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7th Circuit affirms lower court in elaborate mortgage fraud case

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The 7th Circuit Court of Appeals has affirmed a District Court’s conviction and sentence for a man who defrauded buyers and lenders in northern Indiana.

In United States of America v. Michael Sheneman, No. 11-3161, Michael Sheneman and his son executed a scheme in which they sold more than 60 homes to four buyers with no real estate experience, two of whom were not United States citizens. The Shenemans falsified mortgage documents, misrepresenting citizenship status, income and employment, and forging signatures. They also deposited large sums of money into the buyers’ bank accounts to mislead lenders about the buyers’ assets.

Sheneman was subsequently convicted of four counts of wire fraud and sentenced to 97 months imprisonment. On appeal, he challenged the sufficiency of the evidence supporting his conviction, as well as the District Court’s application of two sentencing enhancements.

The 7th Circuit rejected Sheneman’s claim that he was an unwitting participant in the scheme, holding that he played a crucial role in every aspect of its execution from beginning to end.

Sheneman had argued that the District Court erred in applying a two-level enhancement because the scheme did not involve the use of sophisticated means. But the 7th Circuit held that the father and son used their knowledge of the real estate market and lending industry to avoid detection for several years and used other tactics to mislead buyers and lenders.

Sheneman also protested the sentence enhancements for a loss of more than $1 million and gaining more than $1 million in gross receipts from a financial institution, claiming his son’s conduct alone is what caused those losses. But the 7th Circuit held that Sheneman was involved in the overall scheme that caused those losses and could have reasonably foreseen that fraudulent funding was being secured for unqualified buyers. It therefore affirmed the District Court in all regards.

 

 

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  2. The practitioners and judges who hail E-filing as the Saviour of the West need to contain their respective excitements. E-filing is federal court requires the practitioner to cram his motion practice into pigeonholes created by IT people. Compound motions or those seeking alternative relief are effectively barred, unless the practitioner wants to receive a tart note from some functionary admonishing about the "problem". E-filing is just another method by which courts and judges transfer their burden to practitioners, who are the really the only powerless components of the system. Of COURSE it is easier for the court to require all of its imput to conform to certain formats, but this imposition does NOT improve the quality of the practice of law and does NOT improve the ability of the practitioner to advocate for his client or to fashion pleadings that exactly conform to his client's best interests. And we should be very wary of the disingenuous pablum about the costs. The courts will find a way to stick it to the practitioner. Lake County is a VERY good example of this rapaciousness. Any one who does not believe this is invited to review the various special fees that system imposes upon practitioners- as practitioners- and upon each case ON TOP of the court costs normal in every case manually filed. Jurisprudence according to Aldous Huxley.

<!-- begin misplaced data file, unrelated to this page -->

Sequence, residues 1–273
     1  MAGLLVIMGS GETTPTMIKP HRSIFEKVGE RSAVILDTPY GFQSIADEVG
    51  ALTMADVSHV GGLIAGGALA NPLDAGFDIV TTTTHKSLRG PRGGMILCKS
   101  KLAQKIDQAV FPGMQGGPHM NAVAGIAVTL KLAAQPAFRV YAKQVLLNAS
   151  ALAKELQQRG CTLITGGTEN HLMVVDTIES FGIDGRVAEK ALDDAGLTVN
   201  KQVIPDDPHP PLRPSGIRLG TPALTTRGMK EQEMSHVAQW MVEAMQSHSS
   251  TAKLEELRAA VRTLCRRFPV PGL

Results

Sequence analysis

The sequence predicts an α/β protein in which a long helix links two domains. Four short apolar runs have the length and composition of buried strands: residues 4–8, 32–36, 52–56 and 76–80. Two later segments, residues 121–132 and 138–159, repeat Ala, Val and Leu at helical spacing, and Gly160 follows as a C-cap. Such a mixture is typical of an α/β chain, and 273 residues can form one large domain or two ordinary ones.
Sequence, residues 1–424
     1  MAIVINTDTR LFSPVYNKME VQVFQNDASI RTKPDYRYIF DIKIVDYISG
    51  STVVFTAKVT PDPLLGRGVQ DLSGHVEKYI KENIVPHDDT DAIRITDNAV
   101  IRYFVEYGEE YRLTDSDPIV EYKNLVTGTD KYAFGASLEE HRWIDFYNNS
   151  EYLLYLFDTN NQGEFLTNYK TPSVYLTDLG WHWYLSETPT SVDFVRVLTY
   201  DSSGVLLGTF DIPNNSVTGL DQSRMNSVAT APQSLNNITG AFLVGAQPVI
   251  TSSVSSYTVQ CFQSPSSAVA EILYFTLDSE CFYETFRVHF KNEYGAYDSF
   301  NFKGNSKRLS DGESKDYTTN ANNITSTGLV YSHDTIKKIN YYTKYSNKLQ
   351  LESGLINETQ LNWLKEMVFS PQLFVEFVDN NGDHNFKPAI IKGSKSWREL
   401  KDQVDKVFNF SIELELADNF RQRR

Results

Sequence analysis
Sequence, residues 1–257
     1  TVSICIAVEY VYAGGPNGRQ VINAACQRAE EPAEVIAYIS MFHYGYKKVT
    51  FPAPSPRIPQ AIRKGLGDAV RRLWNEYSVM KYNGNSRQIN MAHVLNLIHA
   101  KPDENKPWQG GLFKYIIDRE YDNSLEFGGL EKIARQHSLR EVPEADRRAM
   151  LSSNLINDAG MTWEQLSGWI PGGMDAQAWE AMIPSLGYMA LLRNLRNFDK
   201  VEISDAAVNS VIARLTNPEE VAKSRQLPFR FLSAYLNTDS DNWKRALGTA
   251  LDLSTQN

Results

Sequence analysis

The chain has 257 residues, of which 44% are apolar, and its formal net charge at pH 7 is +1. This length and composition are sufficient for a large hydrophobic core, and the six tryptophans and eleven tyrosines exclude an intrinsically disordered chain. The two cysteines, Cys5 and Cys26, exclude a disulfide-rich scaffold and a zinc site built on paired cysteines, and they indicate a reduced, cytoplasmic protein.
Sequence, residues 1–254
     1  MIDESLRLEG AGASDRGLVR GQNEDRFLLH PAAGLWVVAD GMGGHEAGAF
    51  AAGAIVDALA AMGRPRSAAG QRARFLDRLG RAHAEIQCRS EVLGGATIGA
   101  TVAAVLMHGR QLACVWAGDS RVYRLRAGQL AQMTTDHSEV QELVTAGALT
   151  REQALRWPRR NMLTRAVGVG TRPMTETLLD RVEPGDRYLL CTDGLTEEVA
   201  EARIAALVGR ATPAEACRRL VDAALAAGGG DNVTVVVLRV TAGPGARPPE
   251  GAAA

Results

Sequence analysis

3. Any attorneys who practice in federal court should be able to say the same as I can ... efiling is great. I have been doing it in fed court since it started way back. Pacer has its drawbacks, but the ability to hit an e-docket and pull up anything and everything onscreen is a huge plus for a litigator, eps the sole practitioner, who lacks a filing clerk and the paralegal support of large firms. Were I an Indiana attorney I would welcome this great step forward.

  4. Can we get full disclosure on lobbyist's payments to legislatures such as Mr Buck? AS long as there are idiots that are disrespectful of neighbors and intent on shooting fireworks every night, some kind of regulations are needed.

  5. I am the mother of the child in this case. My silence on the matter was due to the fact that I filed, both in Illinois and Indiana, child support cases. I even filed supporting documentation with the Indiana family law court. Not sure whether this information was provided to the court of appeals or not. Wish the case was done before moving to Indiana, because no matter what, there is NO WAY the state of Illinois would have allowed an appeal on a child support case!

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